Caspar Wistar (glassmaker)

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Caspar Wistar (born Caspar Wüster) (February 3, 1696 – March 21, 1752) was a German-born glassmaker and landowner in Pennsylvania..[1]

One of the first German colonists in Pennsylvania,[citation needed] he became a leader of that community and prospered in land transactions. He “arrived in Philadelphia in 1717 with nearly no money; at the time of his death in 1752, his wealth outstripped that of the contemporary elite more than immigrant’s path to achieving the American Dream."[2]

He was the father of Richard Wistar, Sr. (1727-1781), glassmaker and landowner in Pennsylvania and the grandfather of Caspar Wistar (1761-1818), the physician and anatomist after whom the genus Wisteria is named.


Caspar Wistar, the son of a forester, spent his first 21 years in Waldhilsbach, a village in the Palatinate near Heidelberg under the reign of the Elector of the Palatinate Prince Philipp Wilhelm (1658-1716). According to family tradition, he was born in the village's Foresthaus (Forester’s house).[3]

He grew up during the tumultuous Nine Years' War (1688-1697) and the War of the Spanish Succession (1702-1713) which caused hardships and instability for the people of the Palatinate due to invasions by the French and British.

Wistar served as a foresters' apprentice, but government reforms limited his professional opportunities, so he decided to emigrate to the United States.[4]

He left the Palatinate in 1717, forgoing his father’s hereditary title and position to seek out a new life across the Atlantic Ocean.[5]

He arrived in Pennsylvania in 1717 (according to his memoir, with only nine pennies to his name)[4]. Upon his arrival, he was registered under the surname "Wistar". He worked at various manual trades, including soapmaking and the manufacture of brass buttons.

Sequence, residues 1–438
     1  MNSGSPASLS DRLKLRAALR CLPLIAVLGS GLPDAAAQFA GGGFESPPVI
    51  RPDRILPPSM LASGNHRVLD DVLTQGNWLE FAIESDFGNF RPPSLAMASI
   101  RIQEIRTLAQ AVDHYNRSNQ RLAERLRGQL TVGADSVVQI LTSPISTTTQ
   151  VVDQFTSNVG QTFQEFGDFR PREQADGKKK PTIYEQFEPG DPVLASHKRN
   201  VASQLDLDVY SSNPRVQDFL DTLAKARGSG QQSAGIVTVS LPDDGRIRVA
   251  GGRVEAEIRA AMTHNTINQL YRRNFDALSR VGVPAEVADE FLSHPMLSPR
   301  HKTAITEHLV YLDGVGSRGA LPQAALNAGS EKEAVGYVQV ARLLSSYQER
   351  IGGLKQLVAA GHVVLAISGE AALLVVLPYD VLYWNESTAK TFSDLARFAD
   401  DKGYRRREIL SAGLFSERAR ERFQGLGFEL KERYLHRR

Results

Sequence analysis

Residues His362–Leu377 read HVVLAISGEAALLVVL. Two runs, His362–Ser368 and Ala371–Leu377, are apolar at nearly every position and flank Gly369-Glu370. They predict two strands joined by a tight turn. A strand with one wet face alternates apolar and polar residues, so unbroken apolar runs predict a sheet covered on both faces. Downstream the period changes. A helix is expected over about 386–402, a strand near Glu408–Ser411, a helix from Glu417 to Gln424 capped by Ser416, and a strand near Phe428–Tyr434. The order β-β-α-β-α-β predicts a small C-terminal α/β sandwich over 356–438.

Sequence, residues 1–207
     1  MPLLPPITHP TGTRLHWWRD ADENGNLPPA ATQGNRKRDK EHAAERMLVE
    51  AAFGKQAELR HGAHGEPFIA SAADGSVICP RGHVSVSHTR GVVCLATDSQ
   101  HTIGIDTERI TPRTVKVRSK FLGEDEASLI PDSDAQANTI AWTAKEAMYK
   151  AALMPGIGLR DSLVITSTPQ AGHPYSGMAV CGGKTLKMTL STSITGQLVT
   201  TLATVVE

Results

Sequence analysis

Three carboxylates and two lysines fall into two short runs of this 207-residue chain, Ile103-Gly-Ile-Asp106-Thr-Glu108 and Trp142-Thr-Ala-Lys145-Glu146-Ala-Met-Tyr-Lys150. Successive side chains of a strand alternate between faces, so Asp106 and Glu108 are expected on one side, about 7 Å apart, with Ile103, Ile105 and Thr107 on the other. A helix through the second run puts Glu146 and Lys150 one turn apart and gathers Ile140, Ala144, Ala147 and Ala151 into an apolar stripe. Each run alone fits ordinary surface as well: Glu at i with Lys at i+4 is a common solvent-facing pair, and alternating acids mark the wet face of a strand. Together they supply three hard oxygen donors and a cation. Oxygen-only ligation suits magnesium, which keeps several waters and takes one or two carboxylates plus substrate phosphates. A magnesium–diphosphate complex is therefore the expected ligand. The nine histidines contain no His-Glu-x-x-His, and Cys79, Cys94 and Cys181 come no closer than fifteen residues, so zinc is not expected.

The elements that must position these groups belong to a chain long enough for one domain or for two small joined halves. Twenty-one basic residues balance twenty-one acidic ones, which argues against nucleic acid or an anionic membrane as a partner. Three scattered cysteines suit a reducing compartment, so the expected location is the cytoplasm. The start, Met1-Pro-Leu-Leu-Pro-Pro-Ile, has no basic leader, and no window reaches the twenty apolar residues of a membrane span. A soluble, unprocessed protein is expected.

He became a British subject in 1724 and joined the Religious Society of Friends (the Quakers) in 1726. He married Catherine Jansen in 1727; they had seven children. With the support of Quaker merchants and political leaders, he set up a glass factory and began buying land and selling it to new immigrants from Germany. His land deals made him one of the richest men in Pennsylvania.

His brother, John (born Johannes Wüster) (1708–1789) emigrated to Philadelphia in 1727. His brother Johannes WÜSTER) (John WISTER (1708–1789)) settled in the Germantown district, and was registered under a variant of the surname, “Wister.” To this day there exists two spellings of the family name.[6] While Caspar anglicized his name to "Wistar", John spelled his "Wister". The two each founded prominent Philadelphia-area families, and the difference in spelling persisted.


  1. ^ Owen, J. Victor. "Historical American Glass". Retrieved January 28, 2018. 
  2. ^ Penn State University Press, Immigrant and Entrepreneur, The Atlantic World of Caspar Wistar, 1650–1750 Rosalind Beiler, accessed August 31, 2014.
  3. ^ Beiler, page 27-49, [FOOTNOTE: 18 Robert C. Moon, The Morris Family of Philadelphia: Descedants of Anthonty Morris, vol. 1 (Philadelphia, 1898), 356-7.]
  4. ^ a b Kummer, Insa. "Caspar Wistar." In Immigrant Entrepreneurship: German-American Business Biographies, 1720 to the Present, vol. 1, edited by Marianne S. Wokeck. German Historical Institute. Last modified September 25, 2014.
  5. ^ [1] "On Dec. 7, 1738, a German immigrant named Caspar Wistar recruited four craftsmen from his homeland to help him launch his empire of glass in to the sandy forests of Salem County ."
  6. ^ Sarah Wister and Albert Cook Myers, Sally Wister's journal: a true narrative; being a Quaker maiden's account of her experiences with officers of the Continental Army, 1777-1778; Ferris & Leach, 1902, p. 10.

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